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Baroness Byford moved Amendment No. 4:

The noble Baroness said: In moving Amendment No. 4, I shall speak also to Amendments Nos. 23, 24, 25 and 178. Perhaps I may also speak to Amendment No. 5 to be moved shortly by my noble friend Lord Caithness.

Included in the many and vast briefings we have received was one from the Countryside Agency. In its paragraph 4 it describes its recommendations and measures providing for the creation of maps as "sensible and adequate". Those are the words I am after as regards my amendments which deal with the size of land.

Amendment No. 4 inserts in page 1, line 10, the words:

    "is no more than 10 hectares".

The Government also recognise that there are pieces of open country which may be so small that access should not be required. I refer to Clause 4(5)(a). A similar point must also apply to common land. In both cases, the cost of signing, providing wardens, making by-laws and the trouble caused to farmers and land managers may well outweigh the value of providing access to such small portions. What is the point of the

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right to roam if there is precious little land at that point over which to roam? That is why we oppose this minimum size of access land.

Amendment No. 5, shortly to be moved by my noble friend Lord Caithness, declares:

    "and is at least 5 hectares in size".

My comments also apply to his amendment.

I turn to Amendment No. 23 which leaves out the words from (a) and inserts "consists". I refer also to Amendment No. 25, in Clause 1, page 2, line 17, which, after "predominantly" sets in the figure which is 75 per cent or more in area.

These are in fact probing amendments. They attempt to persuade the Government that some parcels of land are too small to be included if we balance the requirements of people walking and those who work the land. First, Amendment No. 18 deletes the reference to land which,

    "appears to the appropriate countryside body to consist".

Therefore whether land is heath, moor, mountain or down is critical to the rights of the landowners and walkers and needs to be determined objectively. The Bill recognises that because the ground of appeal is that,

    "the land does not consist"--

Clause 6(3)(a), page 4. That is in objective terms.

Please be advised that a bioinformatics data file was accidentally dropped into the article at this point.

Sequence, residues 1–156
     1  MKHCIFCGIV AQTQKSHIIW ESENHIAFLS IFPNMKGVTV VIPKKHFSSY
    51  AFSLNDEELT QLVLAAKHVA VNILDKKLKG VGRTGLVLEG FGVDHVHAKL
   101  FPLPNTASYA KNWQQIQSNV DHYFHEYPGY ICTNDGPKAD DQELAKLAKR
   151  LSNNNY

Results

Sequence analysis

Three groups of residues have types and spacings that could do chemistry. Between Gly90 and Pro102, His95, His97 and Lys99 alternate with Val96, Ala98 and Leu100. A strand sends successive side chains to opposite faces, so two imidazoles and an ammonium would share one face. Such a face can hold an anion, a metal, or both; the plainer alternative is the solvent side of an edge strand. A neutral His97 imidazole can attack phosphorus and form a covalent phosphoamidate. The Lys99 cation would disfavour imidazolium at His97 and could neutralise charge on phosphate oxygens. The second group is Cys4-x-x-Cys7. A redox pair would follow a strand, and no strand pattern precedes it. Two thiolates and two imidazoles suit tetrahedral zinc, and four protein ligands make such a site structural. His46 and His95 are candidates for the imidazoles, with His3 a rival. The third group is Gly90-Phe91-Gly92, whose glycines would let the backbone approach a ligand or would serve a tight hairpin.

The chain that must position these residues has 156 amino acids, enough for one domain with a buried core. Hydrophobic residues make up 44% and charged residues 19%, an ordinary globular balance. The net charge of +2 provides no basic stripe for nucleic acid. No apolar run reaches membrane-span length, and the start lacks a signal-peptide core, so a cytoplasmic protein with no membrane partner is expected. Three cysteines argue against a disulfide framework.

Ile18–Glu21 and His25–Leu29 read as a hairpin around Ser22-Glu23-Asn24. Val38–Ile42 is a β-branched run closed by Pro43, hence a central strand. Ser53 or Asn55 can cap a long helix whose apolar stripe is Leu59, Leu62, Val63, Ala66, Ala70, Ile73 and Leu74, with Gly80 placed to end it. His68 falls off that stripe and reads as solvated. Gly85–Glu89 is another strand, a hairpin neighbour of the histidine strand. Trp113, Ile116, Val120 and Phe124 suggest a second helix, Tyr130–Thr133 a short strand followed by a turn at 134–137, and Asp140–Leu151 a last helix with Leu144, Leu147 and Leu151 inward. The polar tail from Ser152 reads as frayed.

Secondly, both Amendments Nos. 18 and 19 seek to delete the words "wholly or predominantly" so that "open country" means land which is,

    "mountain, moor, heath or down".

The term "predominantly" is wide, but its scope is unclear. Can the Minister say whether it means 51 per cent, 66 per cent, 75 per cent or more of the land? Amendment No. 20 gives a 75 per cent option. Therefore, what area of land is considered to be too small? Can it extend beyond the edge of the heath and, if so, how far?

Ministers said that "predominantly" means "prevailing" or "mostly"--Standing Committee, 4th April 2000, col. 115--which does not make the matter much clearer. The purpose is said to be to give some flexibility to the countryside bodies, yet that flexibility would be applied to take rights away from landowners. The Bill should provide tests that can be applied, rather than leave human rights to the whims of government agencies.

I turn to Amendments Nos. 24 and 25 which also come within this group. Amendment No. 24 seeks to omit the words "wholly or predominantly", about which I am seeking a clearer definition from the Minister. The mapping of access land should be focused closely on land which is,

    "mountain, moor, heath or down",

and not on land that is "similar to", "adjacent to", "partly" or even "predominantly",

    "mountain, moor, heath or down".

By enabling the Countryside Agency and the Countryside Council for Wales to map land which they perceive to be predominantly,

    "mountain, moor, heath or down",

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there is a danger of substantial areas which are not,

    "mountain, moor, heath or down",

being included on the maps. To avoid that possibility the phrase "wholly or predominantly" should be removed from the Bill. Removal of the word "predominantly" would maintain the original government line taken in their access consultation paper in 1998 which referred to access being provided only to specific types of land; not to land and the land around it or bordering it which is not itself open country. The Minister said in relation to my purpose clause that this is not a complex Bill; I feel it is becoming more complex by the minute.

The term "predominantly" was used to describe "open country" in the National Parks and Access to the Countryside Act 1949. However, the context in which the term was used in that Act is quite different from the way it is used in this Bill. That Act defined the areas of land essentially for the purposes of making access agreements over them, while the current Bill is concerned solely with the imposition of statutory rights on owners. Where agreements are involved, a more relaxed definition is desirable. Where the statutory right is involved, the Government should be far more explicit as to which types of land are to be affected. Removing the word "predominantly" will go some way towards making what is currently an imprecise provision much more precise.

Given that Clause 4(5) allows the Countryside Agency or the Countryside Council for Wales to determine the boundary of any area of open country that can be treated as coinciding with a particular physical feature--for example, a wall, fence or road--it is not necessary for the agencies to have the discretion to include land which is predominantly,